Veteran and Lockheed Martin employee finds satisfaction and peace working on F-35 aircraft

By Stacey Doud

If you live in the Dallas/Ft. Worth area, then you probably know about Lockheed Martin and their role as a leading defense contractor for the government. What you may not know is that their reach is far and wide, from encouraging STEM (Science, Technology, Engineering and Math) students to stay on track, to their annual Armed Forces Bowl, which shows the deep respect that the company has for our country’s military and veterans.

The company’s major project has been the design and manufacture of the F-35 Lightning II.

Williams

Williams (Photo courtesy of Joe Williams)

Lockheed Martin is always proud to bring a veteran on as an employee, as long as he or she qualifies. Joe Williams, who served our country in the Navy for 20 years, is one of those people.

A native of Odessa, Williams said, “I’d always see planes on the horizon leaving Midland International Air and Space Port. I remember thinking how neat it would be to jump on one of those planes and leave the desert behind. So, I decided to pursue a life and vocation that would have me on planes and in a place where there was water and not desert.”

Williams enlisted at age 17 and served as an aircraft mechanic during his four tours: Kosovo (1999), Afghanistan (2001), Iraq (2002) and back to Afghanistan (2003), mainly working on the Lockheed P-3 Orion, which has been in existence for over 50 years and still flies today. The P-3 took the place of the P2V/SP2 Neptune as the newest (at the time) modern, land-based maritime patroller. During the Cold War years, this aircraft was tasked with finding and tracking Soviet ballistic missiles and attack submarines.

p-3-49

Lockheed P-3 Orion (Photo courtesy of Lockheed)

“I was a customer on the other end [in the Navy, not yet a Lockheed employee] while I was with P-3s. I learned the importance of what is needed, how it’s needed, and the quality that is required to operate at what we refer to as the “Tip of the Spear.” Now that I’m on the production end being with Lockheed Martin, I use that experience to ensure quality is passed on to those Sailors, Marines, and Airmen who are needing something in the field that provides the greatest, and most powerful, protection then what I ever got to use while I was on active duty. The F-35 is paving that way,” Williams said.

“I was discharged in July of 2016,” Williams said. “I had a hard time finding work, but then I discovered Texas Veterans Outdoors (TVO). Members of the organization helped shed some light onto my experience, and it eventually led to where I got an interview with Lockheed Martin. TVO has been amazing for my family and I.”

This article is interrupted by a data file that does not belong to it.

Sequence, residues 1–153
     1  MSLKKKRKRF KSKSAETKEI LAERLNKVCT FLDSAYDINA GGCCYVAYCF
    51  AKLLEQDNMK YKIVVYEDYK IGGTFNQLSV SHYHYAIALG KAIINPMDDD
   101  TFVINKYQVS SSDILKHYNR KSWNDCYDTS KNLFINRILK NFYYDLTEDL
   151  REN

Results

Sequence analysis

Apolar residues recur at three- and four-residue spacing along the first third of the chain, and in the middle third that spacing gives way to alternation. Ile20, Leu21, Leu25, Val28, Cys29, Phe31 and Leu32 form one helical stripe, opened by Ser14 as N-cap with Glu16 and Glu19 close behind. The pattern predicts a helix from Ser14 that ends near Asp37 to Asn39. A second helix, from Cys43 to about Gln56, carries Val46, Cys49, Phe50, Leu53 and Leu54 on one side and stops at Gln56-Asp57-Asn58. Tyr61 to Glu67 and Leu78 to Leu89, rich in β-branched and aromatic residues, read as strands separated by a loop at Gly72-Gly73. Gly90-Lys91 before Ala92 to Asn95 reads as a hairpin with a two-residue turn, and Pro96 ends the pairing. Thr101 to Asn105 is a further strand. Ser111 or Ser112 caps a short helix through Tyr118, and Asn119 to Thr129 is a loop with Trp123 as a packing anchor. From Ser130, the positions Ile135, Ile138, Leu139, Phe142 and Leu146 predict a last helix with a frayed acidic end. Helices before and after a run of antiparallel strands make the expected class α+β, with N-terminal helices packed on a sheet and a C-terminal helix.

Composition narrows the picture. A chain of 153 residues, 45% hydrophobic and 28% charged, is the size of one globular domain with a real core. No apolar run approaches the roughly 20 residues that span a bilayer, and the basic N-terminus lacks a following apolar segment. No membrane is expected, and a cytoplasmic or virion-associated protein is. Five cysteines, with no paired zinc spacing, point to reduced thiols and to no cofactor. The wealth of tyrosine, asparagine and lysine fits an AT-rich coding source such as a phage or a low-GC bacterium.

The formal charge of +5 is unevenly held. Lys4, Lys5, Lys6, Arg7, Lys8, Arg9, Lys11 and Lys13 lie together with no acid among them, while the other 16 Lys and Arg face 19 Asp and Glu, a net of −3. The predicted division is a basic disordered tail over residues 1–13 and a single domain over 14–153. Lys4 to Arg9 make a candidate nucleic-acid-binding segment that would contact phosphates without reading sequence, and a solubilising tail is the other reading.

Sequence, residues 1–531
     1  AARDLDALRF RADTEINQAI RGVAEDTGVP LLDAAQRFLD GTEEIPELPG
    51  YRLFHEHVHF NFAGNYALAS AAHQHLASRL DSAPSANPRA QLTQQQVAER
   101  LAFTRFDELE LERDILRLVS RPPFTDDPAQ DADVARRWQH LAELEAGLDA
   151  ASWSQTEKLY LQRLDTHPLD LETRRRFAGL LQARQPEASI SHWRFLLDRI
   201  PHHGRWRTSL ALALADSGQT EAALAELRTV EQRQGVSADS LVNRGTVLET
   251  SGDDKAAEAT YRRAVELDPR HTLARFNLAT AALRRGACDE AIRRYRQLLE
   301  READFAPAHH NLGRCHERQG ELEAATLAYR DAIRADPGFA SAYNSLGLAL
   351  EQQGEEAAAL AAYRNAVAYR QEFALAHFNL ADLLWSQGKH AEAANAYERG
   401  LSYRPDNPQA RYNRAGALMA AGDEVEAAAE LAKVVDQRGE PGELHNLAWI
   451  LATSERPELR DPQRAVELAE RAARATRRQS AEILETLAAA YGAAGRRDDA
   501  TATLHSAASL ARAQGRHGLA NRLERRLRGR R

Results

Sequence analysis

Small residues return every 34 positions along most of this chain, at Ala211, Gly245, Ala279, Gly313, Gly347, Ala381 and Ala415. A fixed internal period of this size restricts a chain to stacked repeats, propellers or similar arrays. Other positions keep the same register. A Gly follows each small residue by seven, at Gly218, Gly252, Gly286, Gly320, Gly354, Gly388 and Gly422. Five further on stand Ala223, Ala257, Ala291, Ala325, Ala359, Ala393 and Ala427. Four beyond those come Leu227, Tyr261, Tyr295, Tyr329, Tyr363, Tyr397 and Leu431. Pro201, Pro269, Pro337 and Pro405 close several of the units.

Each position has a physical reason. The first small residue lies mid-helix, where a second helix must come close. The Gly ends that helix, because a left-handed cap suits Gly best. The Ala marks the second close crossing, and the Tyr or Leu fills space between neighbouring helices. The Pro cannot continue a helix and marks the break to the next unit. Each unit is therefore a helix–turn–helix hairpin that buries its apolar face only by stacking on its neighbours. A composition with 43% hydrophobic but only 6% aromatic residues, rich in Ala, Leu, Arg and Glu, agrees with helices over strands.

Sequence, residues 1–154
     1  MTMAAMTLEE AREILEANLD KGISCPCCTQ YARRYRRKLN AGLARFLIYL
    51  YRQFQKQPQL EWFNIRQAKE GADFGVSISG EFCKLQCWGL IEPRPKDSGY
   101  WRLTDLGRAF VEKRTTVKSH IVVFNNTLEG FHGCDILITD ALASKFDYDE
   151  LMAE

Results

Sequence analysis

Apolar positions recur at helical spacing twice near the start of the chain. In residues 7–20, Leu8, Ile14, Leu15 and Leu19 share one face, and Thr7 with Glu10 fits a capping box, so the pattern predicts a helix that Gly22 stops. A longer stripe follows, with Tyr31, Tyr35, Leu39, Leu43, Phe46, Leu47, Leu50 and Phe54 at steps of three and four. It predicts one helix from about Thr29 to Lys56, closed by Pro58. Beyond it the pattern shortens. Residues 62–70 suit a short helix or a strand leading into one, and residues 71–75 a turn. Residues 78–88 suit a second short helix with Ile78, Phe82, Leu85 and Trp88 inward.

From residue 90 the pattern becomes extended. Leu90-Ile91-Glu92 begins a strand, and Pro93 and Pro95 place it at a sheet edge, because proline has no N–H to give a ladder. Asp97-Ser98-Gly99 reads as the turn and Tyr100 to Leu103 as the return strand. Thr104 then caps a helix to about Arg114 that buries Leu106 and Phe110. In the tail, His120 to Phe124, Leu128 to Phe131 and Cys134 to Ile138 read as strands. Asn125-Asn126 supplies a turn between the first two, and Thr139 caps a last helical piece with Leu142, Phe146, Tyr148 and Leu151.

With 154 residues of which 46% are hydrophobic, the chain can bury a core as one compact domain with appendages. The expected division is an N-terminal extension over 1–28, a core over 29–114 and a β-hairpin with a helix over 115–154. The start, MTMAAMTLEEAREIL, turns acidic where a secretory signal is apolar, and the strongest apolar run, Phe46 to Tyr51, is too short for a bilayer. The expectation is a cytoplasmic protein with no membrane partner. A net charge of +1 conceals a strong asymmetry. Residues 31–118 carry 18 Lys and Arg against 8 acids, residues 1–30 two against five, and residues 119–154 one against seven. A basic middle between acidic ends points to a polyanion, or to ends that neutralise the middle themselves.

Williams has now been with Lockheed Martin for almost three years and serves as a Multi-Function Manufacturing Supervisor for the F-35.

“I plan and manage the application and finishing of low observable coatings, the installation and testing of avionics components, and the installation of major flight control surfaces and their actuating components,” Williams said.

Lockheed Martin Aeronautics Photo by Liz Lutz  Job Reference Number: FP18-02112 Siebert     
WMJ Reference Number: 18-02112     
Customer: F-35 Communications  
Country: Korea F-35    
Event: AW-1 First Flight Aerials  
Pilot: Alan Norman         
Locati

F-35 (Photo courtesy of Lockheed Martin)

In layman’s terms, he makes sure that the F-35’s coatings are effective when dealing with an enemy, that its electronics and computer components work reliably and he also supervises the installation of important flight electronics that pilots use, along with the equipment that those electronics control. He also oversees a large portion of the assembly line for the F-35.

“We could have only wished we had the F-35 before 9/11, but at least we now have tools to prevent something like that from happening again. The F-35 is 5th generation and is the most advanced fighter in the world,” he added.

Williams is very proud to be working for Lockheed, which he says is, “the number one defense contractor in the world.”

He finds his work “extremely satisfying,” mainly because of the advancement of the F-35, which has already saved lives and will continue to do so.

“So many people have died before us. Their sacrifice is what allows us to do what we do today,” Williams said.

To pay it forward, Williams seeks out opportunities to help other veterans as they transition to civilian life. He volunteers at TVO as a staff member, he’s a cabinet member of the Military/Veterans (Mil/Vet) employee resource group, and he’s on the AeroCARES board of directors.

“Organizations like TVO, Mil/Vet and AeroCARES can and do make a difference for veterans, and I say that confidently from experience. I’m so thankful to have the chance now to guide fellow veterans as they walk down the path I once did,” he said.

Happy Veteran’s Day to Joe and all of the men and women who have fought for our freedom! THANK YOU FOR YOUR SERVICE!

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